"It wasn't me. It was the Lord. I always trust Him to lead me and He always does."
An "Author's Note" at the conclusion of the book says, "this fictional story is based on the spiritual journey of Harriet Tubman -- as a slave in Maryland; a free woman in Philadelphia, Pennsylvania; and a famous conductor on the Underground Railroad. Courageous, compassionate, and deeply religious, Tubman saw visions and spoke to God. She believed the Lord called her to free slaves on the Underground Railroad. Her strong faith not only helped her to escape from slavery, but to lead others to freedom."
The remainder of the "Author's Note" gives biographical details from Tubman's life. Much of this information is included in our blog post "Escape North" [March 24, 2011]. Weatherford recounts some of these facts, with a few minor differences.
"One of eleven children of Benjamin and Harriet Ross, Tubman was born into slavery around 1820 on a Bucktown, Maryland plantation. Named Araminta at birth and nicknamed "Minty," Tubman was just seven years old when she was hired out -- rented by her master to another household -- to care for a baby. She was forced to rock the cradle day and night. When the baby cried, Tubman was whipped."
"Eventually, she rebelled against the mistreatment. Once she ran away and hid in a pigpen for several days to avoid a beating. Another time, after Tubman went to work in the fields, she disobeyed an order to tie up a slave who had escaped. When the slave fled again, the master struck Tubman in the head with a two-pound weight, nearly killing her. For the rest of her life, she bore a scar and suffered with severe headaches, blackouts and fits of speechlessness."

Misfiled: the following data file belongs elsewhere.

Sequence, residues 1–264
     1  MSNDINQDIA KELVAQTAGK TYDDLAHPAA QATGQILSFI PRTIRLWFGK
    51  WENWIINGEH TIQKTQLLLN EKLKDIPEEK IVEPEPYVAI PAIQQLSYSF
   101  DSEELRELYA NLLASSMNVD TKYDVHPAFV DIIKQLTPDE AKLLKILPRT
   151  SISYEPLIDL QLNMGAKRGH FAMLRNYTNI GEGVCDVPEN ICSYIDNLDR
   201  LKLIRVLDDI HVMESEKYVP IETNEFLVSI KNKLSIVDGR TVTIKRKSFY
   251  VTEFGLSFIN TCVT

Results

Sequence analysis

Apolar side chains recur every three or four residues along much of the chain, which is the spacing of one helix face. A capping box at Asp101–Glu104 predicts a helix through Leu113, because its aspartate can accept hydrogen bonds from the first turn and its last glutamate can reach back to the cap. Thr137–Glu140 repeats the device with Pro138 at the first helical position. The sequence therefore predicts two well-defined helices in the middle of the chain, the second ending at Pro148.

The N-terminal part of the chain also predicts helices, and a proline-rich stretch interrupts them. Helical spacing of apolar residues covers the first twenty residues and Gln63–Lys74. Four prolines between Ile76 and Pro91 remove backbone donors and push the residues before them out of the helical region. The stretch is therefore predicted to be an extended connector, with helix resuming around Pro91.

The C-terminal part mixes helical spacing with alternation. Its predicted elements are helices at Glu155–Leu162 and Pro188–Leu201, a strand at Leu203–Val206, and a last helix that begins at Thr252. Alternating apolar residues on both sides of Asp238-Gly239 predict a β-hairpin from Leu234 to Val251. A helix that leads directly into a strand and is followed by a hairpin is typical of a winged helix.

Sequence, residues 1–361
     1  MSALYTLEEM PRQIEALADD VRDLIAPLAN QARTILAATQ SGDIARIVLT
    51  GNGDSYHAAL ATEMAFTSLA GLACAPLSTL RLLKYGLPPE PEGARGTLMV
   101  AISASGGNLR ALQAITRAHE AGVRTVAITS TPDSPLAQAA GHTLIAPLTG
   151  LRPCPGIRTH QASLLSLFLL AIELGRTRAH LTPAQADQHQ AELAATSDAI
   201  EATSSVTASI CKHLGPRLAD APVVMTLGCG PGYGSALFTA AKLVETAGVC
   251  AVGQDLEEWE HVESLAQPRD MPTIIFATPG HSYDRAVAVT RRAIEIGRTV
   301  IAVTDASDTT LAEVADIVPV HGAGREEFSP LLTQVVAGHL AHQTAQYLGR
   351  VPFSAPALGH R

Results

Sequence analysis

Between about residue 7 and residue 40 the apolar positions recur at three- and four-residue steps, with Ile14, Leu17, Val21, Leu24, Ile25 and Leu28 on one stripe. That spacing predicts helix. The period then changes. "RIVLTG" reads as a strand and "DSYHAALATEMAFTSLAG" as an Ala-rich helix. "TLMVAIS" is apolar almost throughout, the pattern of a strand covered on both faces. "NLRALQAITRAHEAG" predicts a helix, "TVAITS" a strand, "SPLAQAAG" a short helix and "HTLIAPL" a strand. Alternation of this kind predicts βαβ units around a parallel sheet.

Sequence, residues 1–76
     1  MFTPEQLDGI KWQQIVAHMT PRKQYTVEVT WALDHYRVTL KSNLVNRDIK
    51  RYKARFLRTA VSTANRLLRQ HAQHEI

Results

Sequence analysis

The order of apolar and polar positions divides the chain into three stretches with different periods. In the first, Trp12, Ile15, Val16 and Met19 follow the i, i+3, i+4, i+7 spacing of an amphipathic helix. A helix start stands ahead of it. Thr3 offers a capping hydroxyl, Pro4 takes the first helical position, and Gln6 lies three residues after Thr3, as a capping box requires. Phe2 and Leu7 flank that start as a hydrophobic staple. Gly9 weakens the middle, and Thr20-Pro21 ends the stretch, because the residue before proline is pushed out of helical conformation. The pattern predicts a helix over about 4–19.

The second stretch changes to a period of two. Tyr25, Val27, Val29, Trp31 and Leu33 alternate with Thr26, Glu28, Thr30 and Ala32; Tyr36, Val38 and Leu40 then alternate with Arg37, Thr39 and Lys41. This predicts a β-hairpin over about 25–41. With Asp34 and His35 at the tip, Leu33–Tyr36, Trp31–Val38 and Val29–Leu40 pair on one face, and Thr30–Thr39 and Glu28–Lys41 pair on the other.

"As a young woman, Tubman chopped wood with her father. In the forest, he taught her to gather nuts and berries, make cures from plants and roots, predict the weather, and follow the stars. By adulthood, Tubman had taken her mother's name, Harriet."
"In 1844, Harriet's master forced her to marry John Tubman. When her owner died in 1849, she heard she would be separated from her family and sold south, where slavery was even harsher. Harriet decided to run away, even though her husband refused to go with her and threatened to tell the master. Trusting God, Harriet fled alone on the Underground Railroad, a loosely organized network of safe houses, secret routes, codes and signs, and abolitionists, people who opposed slavery. She journeyed ninety miles, mostly on foot, to Philadelphia, Pennsylvania. Finally free, Harriet felt reborn."
"But she worried about her loved ones still enslaved down south. Vowing to free them, she saved the money she earned as a cook and maid. At a church that was an Underground Railroad station, she learned secret routes and the locations of safe houses."
"In 1851, Harriet returned to Maryland and led her brothers to freedom. Again and again she returned to the South, risking her life to free other slaves. Guided by God, she led her bands of runaways hundreds of miles. She talked to God as to a friend and she heeded His commands. In time, she became known as "the Moses of her people." Slave masters offered a forty-thousand-dollar reward for Harriet's capture. To outsmart slave catchers, she took different routes and donned disguises. She used medicine to hush crying babies and threatened to shoot runaways who begged to turn back. In 1857, Harriet carried her aging parents to Canada. By 1860, she had gone south nineteen times and freed as many as three hundred slaves. She never lost a passenger."
"Harriet Tubman died in 1913."
"WELL DONE, MOSES, WELL DONE."